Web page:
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Images Dated 6th January 2006

Available as Framed Prints, Photos, Wall Art and Gift Items

Choose from 109 pictures in our Images Dated 6th January 2006 collection for your Wall Art or Photo Gift. Popular choices include Framed Prints, Canvas Prints, Posters and Jigsaw Puzzles. All professionally made for quick delivery.


CMS detector, CERN Featured 6 Jan 2006 Print

CMS detector, CERN

CMS detector. Part of the CMS (compact muon solenoid) detector at CERN (the European particle physics laboratory) near Geneva, Switzerland. The detector will be placed around the large hadron collider (LHC), CERN's highest energy particle accelerator. Proton beams will be accelerated and collided head on in the LHC, and the CMS will detect the resultant particles. The main goal of the experiment is the discovery of the Higgs boson, an elementary particle predicted by the Standard Model of particle physics, but yet to be directly detected (as of 2006). A pilot run of the LHC is scheduled for summer 2007

© DAVID PARKER/SCIENCE PHOTO LIBRARY

International Scorers XV in 1933/4 Featured 6 Jan 2006 Print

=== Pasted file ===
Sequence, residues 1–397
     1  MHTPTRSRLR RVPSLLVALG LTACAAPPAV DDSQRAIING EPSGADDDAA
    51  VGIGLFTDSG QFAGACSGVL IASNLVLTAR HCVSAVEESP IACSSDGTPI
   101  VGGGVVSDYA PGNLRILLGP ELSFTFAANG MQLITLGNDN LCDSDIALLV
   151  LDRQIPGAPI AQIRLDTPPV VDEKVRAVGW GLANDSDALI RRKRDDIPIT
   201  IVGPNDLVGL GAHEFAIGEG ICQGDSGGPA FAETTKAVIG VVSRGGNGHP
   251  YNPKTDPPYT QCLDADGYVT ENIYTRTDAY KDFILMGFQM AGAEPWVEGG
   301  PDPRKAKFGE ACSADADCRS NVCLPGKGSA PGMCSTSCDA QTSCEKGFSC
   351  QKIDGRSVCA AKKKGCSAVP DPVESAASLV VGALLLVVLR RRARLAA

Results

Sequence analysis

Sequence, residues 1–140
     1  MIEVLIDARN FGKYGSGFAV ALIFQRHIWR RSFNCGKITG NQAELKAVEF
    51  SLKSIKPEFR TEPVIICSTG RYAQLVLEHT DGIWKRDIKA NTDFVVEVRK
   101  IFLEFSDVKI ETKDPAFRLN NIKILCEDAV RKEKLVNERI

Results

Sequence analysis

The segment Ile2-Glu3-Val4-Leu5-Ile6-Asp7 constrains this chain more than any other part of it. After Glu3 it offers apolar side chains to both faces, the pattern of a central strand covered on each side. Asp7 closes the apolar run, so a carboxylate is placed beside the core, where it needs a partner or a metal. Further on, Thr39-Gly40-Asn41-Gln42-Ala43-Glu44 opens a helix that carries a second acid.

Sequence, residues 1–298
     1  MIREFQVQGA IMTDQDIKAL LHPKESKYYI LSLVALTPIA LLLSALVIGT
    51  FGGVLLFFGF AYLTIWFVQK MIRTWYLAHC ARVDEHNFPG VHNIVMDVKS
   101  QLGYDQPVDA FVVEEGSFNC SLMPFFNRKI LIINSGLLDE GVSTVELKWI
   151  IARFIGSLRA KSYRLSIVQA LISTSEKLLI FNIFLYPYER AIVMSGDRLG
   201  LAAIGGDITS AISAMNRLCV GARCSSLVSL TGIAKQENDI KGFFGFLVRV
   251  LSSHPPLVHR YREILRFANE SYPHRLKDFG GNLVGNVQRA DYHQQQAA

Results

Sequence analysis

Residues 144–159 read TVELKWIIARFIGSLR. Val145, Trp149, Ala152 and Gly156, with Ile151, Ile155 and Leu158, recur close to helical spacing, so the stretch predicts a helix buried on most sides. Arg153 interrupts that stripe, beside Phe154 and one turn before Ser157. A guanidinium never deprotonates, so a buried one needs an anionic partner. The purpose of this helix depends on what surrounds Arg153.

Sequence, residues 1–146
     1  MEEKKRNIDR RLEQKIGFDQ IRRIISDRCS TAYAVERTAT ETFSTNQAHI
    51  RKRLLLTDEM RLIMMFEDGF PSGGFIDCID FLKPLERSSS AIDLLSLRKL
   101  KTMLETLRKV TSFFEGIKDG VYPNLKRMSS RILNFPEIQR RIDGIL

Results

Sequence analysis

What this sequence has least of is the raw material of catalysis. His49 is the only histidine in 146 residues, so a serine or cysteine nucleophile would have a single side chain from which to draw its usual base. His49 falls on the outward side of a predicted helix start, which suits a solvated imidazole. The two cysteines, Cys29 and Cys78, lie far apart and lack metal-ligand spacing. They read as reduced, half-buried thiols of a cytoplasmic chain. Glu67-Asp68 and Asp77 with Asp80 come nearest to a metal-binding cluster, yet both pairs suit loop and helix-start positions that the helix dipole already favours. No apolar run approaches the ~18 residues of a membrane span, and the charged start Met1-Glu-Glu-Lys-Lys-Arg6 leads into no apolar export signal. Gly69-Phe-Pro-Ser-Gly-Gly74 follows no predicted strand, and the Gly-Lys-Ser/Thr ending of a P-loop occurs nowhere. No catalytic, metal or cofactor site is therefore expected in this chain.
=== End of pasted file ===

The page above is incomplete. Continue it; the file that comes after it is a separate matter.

International Scorers XV in 1933/4

Rugby Union - 1933 / 1934 season - North Midlands XV vs. International Scorers XV
The International Scorers XV team group before the game at Villa Park on 3/3/34.
Back-row (left to right): Referee, Edgar Jones (Llanelli & Wales), H. W. Hill, John Dicks (Northampton & England), Robert John Barr (Leicester & England), Joseph Thomas Wade Berry (Leicester & England), D. I. Brown, Philip Edward Dunkley (Harlequins & England), G. Years.
Sitting: Wiliam Henry Weston (Northampton & England), Alfred Denzel Carpenter (Gloucester & England), Christopher Champain Tanner (Cambridge University & England), Donald William Burland (Bristol & England), Henry Arthur Fry (Liverpool & England); Bert Jones (Llanelli & Wales), Thomas James Mountstevens Barrington (Bristol & England).
On Ground: Graham WIlliam Churchill Meikle (Waterloo & England), A. P. Hughes (Leicester)

© Colorsport

Snowball Earth Featured 6 Jan 2006 Print

Snowball Earth

Snowball Earth. Computer artwork of the Earth frozen in snow and ice some 590 million years ago. The continents are in different positions due to tectonic plate movements. One theory suggests that an unusual amount of equatorial land disturbed the carbon cycle. This land was free of ice, and so large amounts of carbonate rock could form as rain washed carbon dioxide out of the atmosphere. Carbon dioxide helps keep Earth warm by a natural greenhouse effect, and as levels fell Earth cooled and runaway glaciation formed kilometre-thick global sea ice that lasted millions of years. As the continents moved away from the equator, and as volcanoes restored the carbon dioxide, a warm climate was restored. Most life was killed, but the survivors exploded in evolutionary diversity

© CHRIS BUTLER/SCIENCE PHOTO LIBRARY